Watchdog asks FCC to revoke licenses of KGMB, KHNL, K5 TV stations
By Rick Daysog
Advertiser Staff Writer
A local media watchdog group today called for the revocation of the broadcast licenses of KGMB, KHNL and K5 television stations, saying the newsroom merger between three of Hawaii's five largest stations is an "egregious violation" of federal law.
At a news conference, Media Council Hawaii said the newsroom merger, branded as Hawaii News Now, violates laws barring multiple ownership of television stations in a single market.
"Raycom has basically taken control of three stations in the market and we urge the FCC to act on its ownership rules and revoke their broadcast licenses," said Adrienne Biddings, staff attorney for Institute for Public Representation at Georgetown Law. The Washington, D.C-based institute represents the Media Council.
Raycom officials had no immediate comment.
Documentation for the newsroom merger, which were recently made public after The Advertiser filed a Freedom of Information Act request, show that the deal is in fact a sale, said Chris Conybeare, the Media Council's president.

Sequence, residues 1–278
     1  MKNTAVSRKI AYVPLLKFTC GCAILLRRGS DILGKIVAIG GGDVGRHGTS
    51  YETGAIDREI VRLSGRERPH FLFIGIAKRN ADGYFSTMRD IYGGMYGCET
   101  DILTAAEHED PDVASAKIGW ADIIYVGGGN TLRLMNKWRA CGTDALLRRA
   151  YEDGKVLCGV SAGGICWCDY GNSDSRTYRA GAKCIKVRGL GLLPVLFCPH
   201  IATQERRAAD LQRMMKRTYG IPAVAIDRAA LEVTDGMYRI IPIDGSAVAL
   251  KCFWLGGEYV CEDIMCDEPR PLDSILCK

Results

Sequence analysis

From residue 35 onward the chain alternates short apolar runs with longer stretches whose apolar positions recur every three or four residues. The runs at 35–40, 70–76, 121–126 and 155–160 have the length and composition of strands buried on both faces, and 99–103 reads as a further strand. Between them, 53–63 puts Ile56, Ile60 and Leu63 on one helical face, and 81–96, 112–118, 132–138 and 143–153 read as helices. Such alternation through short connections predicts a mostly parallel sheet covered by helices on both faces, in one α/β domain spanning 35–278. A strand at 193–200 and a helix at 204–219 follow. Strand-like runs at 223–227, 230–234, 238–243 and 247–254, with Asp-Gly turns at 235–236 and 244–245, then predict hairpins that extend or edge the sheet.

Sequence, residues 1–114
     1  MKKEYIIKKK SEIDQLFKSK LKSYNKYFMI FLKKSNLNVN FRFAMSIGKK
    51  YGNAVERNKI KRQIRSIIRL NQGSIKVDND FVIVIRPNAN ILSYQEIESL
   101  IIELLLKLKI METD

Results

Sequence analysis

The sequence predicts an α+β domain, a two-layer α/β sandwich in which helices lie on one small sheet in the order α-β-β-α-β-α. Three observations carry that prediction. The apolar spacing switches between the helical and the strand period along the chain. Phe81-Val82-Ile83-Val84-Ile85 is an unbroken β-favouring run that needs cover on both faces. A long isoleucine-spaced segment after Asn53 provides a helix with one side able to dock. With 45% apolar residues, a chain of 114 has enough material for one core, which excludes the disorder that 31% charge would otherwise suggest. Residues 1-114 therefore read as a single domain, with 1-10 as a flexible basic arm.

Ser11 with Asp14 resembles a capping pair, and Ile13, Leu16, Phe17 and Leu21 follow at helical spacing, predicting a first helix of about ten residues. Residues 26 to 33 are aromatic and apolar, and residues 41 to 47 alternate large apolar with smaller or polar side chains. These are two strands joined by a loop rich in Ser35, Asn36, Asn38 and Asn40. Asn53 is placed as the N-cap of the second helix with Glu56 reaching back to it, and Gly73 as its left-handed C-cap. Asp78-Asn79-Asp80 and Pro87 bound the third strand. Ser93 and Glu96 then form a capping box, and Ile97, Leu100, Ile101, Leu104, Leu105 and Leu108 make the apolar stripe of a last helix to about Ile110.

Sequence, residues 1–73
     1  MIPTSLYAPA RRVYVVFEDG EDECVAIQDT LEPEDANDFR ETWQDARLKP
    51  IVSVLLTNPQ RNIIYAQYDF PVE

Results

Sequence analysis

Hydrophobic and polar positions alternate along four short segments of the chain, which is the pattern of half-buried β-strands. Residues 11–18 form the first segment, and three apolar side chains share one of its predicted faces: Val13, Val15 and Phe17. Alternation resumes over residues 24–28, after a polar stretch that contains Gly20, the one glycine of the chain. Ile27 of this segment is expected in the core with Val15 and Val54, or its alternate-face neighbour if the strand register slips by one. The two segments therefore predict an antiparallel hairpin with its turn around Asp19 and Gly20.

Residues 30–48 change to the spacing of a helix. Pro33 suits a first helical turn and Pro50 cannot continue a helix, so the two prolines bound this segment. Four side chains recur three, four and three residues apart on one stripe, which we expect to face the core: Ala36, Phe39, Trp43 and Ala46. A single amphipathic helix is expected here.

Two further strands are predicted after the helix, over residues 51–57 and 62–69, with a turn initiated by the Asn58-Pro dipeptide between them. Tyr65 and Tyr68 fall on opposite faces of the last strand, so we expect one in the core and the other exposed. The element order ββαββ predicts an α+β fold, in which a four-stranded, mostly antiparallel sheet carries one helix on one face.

The records show that Alabama-based Raycom, owner of KGMB and KHNL stations, will receive more than 90 percent of the cash flows of the three stations and will handle nearly all of the operations of the three stations, including sales functions, news gathering, promotions and back-office support.
"(They) clearly show that the Raycom deal in Hawaii is one of the most egregious violations of public trust and FCC rules," Conybeare said. Federal law bars multiple ownership of television stations in single market, unless the FCC grants a waiver to do so.
In October, Raycom merged the newsrooms of K5 and local NBC affiliate KHNL with that of local CBS affiliate KGMB, resulting in the termination of a third of the stations' staff and the simulcasting of some news programs. Raycom said at the time that the merger with KGMB was needed to prevent one or two of the stations from going under as the local television advertising market had fallen by $20 million, or about 30 percent.
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